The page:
Protocol DDoS Attacks

The Protocol-DDoS attacks exploits vulnerabilities in specific protocols. Fundamentally at Layer 3 and Layer 4 of the OSI design.
Protocol attacks are an assorted variety of numerous attacks intended to disrupt an ecosystem by exploiting a precise weakness or incompetence in the protocol. Many of these attacks exploit vulnerabilities of Layer 3 and 4 protocols such as TCP, IP and UDP. Unlike volumetric attacks, the purpose is not to overfill the Internet connection instead disrupt with a moderately small volume of network traffic.
Protocol DDoS Attack Pen Test
Traditional SYN Flood
The traditional SYN flood is a low bandwidth protocol DDoS attack assigned to deplete the resources on the target. It is accomplished by not completing the normal TCP 3-way handshake. The server appends the half-open connection to its internal connection state table (SYN queue) and then returns with the SYN-ACK. The SYN-ACK continues to the fabricated origin address and is cut. It will not receive the final ACK as it happens in a healthy connection establishment. It sustains the half-open connection state data for a precise timeout. Whenever the initiation of the massive amount of half-open connections happens, the connection state table becomes full. SYN queue will not permit any further communications to the server.
Modern SYN Flood
The modern SYN flood sends the equivalent packets however is considerably offbeat from its traditional antecedent. The significant variation is the number of packets-per-second sent by the intruder. In the traditional SYN flood, it was trivial to fill the connection state table, as it defaulted to just 1024 entries in several network stacks. An intruder could adequately flood the target by sending a few thousand packets per minute. The modern SYN flood generates SYN packets in millions of packets-per-second (PPS). The load balancers, firewalls and other IDS/IPS that manage connection state will use disproportionate CPU and may flood their network state tables. The appropriate sizing for a high volume of tiny SYN packets is not usually happened.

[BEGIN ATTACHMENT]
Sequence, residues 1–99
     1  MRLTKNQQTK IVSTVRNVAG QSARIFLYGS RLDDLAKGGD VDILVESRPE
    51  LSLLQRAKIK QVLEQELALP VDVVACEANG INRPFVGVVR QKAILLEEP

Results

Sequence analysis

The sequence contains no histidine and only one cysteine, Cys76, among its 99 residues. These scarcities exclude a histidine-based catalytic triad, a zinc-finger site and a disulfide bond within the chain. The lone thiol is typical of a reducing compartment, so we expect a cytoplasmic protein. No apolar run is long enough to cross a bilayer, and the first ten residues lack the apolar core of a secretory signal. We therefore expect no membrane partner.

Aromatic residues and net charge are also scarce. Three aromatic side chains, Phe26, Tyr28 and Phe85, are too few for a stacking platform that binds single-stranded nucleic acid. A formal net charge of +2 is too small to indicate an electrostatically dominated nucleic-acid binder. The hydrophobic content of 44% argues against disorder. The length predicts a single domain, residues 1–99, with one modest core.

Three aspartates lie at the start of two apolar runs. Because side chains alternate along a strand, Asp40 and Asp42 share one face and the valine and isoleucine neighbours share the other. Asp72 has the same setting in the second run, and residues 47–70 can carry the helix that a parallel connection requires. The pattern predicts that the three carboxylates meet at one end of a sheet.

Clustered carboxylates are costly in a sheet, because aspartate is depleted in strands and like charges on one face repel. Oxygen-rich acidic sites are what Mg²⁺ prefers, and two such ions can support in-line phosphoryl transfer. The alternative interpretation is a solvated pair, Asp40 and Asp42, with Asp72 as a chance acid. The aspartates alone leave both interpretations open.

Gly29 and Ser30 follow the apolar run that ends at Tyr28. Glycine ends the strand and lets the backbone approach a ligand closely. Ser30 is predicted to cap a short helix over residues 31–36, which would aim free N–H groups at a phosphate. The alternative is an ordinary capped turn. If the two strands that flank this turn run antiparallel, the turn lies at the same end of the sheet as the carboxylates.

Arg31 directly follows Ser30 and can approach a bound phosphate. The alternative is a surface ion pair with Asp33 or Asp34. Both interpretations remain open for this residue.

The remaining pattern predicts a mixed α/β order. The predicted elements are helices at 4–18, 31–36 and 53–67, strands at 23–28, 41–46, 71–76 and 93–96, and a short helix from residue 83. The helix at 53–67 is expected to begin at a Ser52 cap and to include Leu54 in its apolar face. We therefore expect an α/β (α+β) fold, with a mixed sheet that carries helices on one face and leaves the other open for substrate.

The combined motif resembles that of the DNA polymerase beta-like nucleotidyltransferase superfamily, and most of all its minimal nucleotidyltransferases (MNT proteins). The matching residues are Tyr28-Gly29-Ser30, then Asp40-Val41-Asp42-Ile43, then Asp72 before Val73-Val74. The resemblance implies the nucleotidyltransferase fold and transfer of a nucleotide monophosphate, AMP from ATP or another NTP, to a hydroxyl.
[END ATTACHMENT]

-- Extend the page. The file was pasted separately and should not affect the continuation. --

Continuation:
TCP Connection Flood
TCP Connection Flood is a low-bandwidth protocol-DDoS attack that ventures to submerge connection constraints of the target device. It is precise to connection-oriented services such as those using the TCP protocol such as HTTP, HTTPS, SSH, SMTP, so on and so forth. The TCP connection flood is oversimplified, with the client performing the full TCP 3-way handshake to establish a full ESTABLISHED connection. An attacker fills up all the available connection table inputs. Consequently blocking authorised clients from connecting. Since this attack finishes the 3-way handshake, it is not generally spoofed, and the origin IP address is frequently the IP address of a system in a botnet. An indicator of compromise (IoCs) is a high abundance of connections in the ESTABLISHED state in the output of netstat (Linux and Windows).
The SlowLoris and RUDY DDoS intrusions are low bandwidth initiatives that endeavour to consume target connection resources by submitting requests that never terminate. It keeps the connection open indefinitely, slowly exhausting the ability of the target to receive new connections from legitimate clients. What differentiates the SlowLoris/RUDY attacks from an ordinary TCP connection flood is that the connection isn’t idle. The connecting client sends a request so slowly that never completes. It is one of the ways an intruder utilises to evade all the mitigations of the target that operate by closing idle connections.

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